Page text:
Children and Adolescent Hand and Arm (CHArm) Center

CHArm Center Frequently Asked Questions

Who should contact the CHArm Center?
Parents of children and adolescents with acute injuries or long standing neurological or congenital issues of the hand, arm, and upper extremity, should call the CHArm Center at 1-888-CHArm40. 

What kinds of conditions do doctors and therapists at the CHArm Center treat?
Some of the conditions the CHArm Center treats include, but are not limited to:

How will the CHArm Center help me find the right specialist?
You will be screened over the telephone and then referred to the appropriate CHArm Associate, matching your condition with the right doctor's clinical expertise. We seek to eliminate the hassle of seeing multiple physicians prior to seeing the appropriate specialist. Patient wait time is therefore reduced, and treatment is accessed in a timely manner. Parents with questions and concerns regarding their child's hand and arm condition can also email questions to the CHArm Center at charmcenter@hss.edu.

Will I have to participate in research studies if I am a CHArm patient?
Participation in CHArm Research Studies is strictly voluntary.  CHArm patients will be asked to participate in observatory studies, where they will be asked questions throughout the course of their treatment. CHArm patients have many options - they can choose to participate or not participate at all, and if they do decide to participate, they can discontinue their research participation at any point in time.

What is orthopedic surgery?
Orthopedic surgery is surgery performed on bones, muscles and joints.

For patients with cerebral palsy, which parts of the body can be helped with orthopedic surgery?
Orthopedic surgery is performed both in the lower extremity (feet, legs, and hips) and the upper extremity (hand, forearm and elbow) for patients with cerebral palsy. This portion of the site will focus on upper extremity (UE) surgery for patients with cerebral palsy (CP).

How can orthopedic surgery help when spasticity, tone and movement difficulties encountered in cerebral palsy are caused by problems in the brain (or CNS)?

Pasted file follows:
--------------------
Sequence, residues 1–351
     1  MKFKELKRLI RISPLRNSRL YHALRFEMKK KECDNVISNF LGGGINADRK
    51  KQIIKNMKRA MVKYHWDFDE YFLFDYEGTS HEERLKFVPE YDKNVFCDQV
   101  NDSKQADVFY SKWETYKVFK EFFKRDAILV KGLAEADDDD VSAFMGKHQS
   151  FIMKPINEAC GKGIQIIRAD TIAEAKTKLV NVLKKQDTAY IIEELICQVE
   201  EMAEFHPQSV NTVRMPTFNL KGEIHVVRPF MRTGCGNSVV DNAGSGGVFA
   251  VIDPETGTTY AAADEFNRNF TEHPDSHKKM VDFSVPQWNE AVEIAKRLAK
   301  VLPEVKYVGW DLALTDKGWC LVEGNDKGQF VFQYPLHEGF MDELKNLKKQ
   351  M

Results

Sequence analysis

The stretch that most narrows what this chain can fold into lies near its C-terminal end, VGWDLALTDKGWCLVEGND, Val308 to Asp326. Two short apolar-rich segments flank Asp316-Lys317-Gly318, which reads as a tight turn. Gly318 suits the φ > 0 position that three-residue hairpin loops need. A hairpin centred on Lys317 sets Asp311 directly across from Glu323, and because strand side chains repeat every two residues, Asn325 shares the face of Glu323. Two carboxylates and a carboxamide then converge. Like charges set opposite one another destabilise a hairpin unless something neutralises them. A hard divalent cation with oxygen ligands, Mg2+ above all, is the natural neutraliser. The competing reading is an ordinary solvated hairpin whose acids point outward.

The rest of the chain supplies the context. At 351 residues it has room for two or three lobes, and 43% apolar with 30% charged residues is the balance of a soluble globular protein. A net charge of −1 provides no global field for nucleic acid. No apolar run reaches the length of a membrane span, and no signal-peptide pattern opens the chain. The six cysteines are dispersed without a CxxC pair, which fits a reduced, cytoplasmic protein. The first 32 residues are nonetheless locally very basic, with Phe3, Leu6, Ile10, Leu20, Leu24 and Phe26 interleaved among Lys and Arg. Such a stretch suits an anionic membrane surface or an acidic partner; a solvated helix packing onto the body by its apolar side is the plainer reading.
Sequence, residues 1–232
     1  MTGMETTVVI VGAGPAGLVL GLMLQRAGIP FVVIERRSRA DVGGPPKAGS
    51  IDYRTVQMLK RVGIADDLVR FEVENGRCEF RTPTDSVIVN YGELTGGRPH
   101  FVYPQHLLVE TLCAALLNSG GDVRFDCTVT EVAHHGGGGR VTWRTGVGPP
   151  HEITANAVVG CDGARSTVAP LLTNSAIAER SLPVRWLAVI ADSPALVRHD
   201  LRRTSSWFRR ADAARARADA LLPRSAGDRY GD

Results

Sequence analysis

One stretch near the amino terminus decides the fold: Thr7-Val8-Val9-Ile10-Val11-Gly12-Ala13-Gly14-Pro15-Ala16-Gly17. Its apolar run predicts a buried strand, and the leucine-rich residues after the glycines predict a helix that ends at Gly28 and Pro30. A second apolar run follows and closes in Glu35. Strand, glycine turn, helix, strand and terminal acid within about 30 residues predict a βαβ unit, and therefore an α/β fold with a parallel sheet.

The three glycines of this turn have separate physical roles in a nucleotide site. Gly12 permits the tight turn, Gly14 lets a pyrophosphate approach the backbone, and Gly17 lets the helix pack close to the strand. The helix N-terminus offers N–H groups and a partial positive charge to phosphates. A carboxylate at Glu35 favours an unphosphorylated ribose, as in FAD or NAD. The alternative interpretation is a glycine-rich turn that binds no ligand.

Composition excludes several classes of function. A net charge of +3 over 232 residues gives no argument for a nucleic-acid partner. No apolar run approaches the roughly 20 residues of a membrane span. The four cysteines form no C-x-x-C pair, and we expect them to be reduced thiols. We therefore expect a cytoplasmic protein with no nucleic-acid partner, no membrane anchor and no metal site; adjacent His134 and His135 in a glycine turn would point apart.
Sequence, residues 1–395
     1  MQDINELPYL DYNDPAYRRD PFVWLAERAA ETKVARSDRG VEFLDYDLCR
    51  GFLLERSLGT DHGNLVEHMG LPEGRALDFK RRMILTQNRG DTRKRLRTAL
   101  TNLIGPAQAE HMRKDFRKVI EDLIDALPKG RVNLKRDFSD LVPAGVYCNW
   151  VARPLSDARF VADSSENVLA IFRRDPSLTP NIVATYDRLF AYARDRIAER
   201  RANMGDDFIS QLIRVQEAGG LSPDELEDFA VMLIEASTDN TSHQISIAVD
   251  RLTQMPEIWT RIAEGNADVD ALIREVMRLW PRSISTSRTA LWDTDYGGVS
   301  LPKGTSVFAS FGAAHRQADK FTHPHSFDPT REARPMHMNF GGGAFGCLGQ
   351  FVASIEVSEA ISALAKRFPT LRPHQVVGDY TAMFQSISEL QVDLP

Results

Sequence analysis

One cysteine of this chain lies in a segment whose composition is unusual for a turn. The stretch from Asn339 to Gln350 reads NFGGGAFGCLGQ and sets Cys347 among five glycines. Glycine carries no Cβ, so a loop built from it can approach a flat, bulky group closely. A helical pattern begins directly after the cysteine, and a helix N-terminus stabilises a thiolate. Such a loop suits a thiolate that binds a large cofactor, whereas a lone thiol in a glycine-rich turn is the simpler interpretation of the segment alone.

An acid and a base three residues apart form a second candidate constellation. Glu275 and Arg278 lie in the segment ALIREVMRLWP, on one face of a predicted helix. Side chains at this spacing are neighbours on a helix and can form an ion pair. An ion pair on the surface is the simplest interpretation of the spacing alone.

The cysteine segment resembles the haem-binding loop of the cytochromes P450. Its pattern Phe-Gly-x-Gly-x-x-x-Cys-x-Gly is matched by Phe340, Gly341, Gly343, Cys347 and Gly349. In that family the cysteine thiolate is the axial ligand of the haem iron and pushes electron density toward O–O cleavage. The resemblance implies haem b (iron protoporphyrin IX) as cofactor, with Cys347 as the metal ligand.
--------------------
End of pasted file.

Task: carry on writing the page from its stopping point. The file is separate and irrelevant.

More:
Since there are no known ways to operate on the brain to make cerebral palsy (CP) better, orthopedic surgery can help to "rebalance" muscles that are getting inappropriate signals from the brain.

Please give me examples of how muscles in the upper extremity can be "rebalanced" by orthopedic surgery?
Two common problems in cerebral palsy are muscles "overworking" and muscles "underworking". Overworked muscles would include increased tone or spasticity. Spastic or high tone muscles can be weakened by surgically sectioning (cutting) some of the fibers so they cannot pull as strongly. 

Under-worked muscles would include flaccidity, weakness or decreased tone. Some muscles under-work so much that they do not fire at all. One option of aiding these muscles is to find a less-needed muscle that is working well and move a part of that working muscle to the weak area.

How do I know if my child is appropriate for orthopedic surgery in the upper extremity (UE)?
Anyone with muscle problems caused by cerebral palsy (CP) can be appropriate for surgery. However, your child will need an evaluation by an experienced team in order to assess his or her specific situation.

What is the best age for surgery on the arm and hand?
For patients with cerebral palsy (CP), the best age for surgery is about 6 years old. At 6 years of age, many children can follow simple directions but are still developing new skills, so they can integrate their new muscle patterns very well. Some children benefit from waiting until they are a little older. As an adult, surgery is still indicated, just more of the rehab will focus on retraining the muscle. A child will pick things up more spontaneously.

Is UE orthopedic surgery better for a certain severity of CP or type of disability? (i.e. quadriplegia, hemiplegia, etc)
Most types of patients with cerebral palsy (CP) can benefit from orthopedic surgery. Goals of surgery can range from improving a dependent patient's hand position in order to make dressing easier for their caretaker to changing mild muscle tightness in independent patients.

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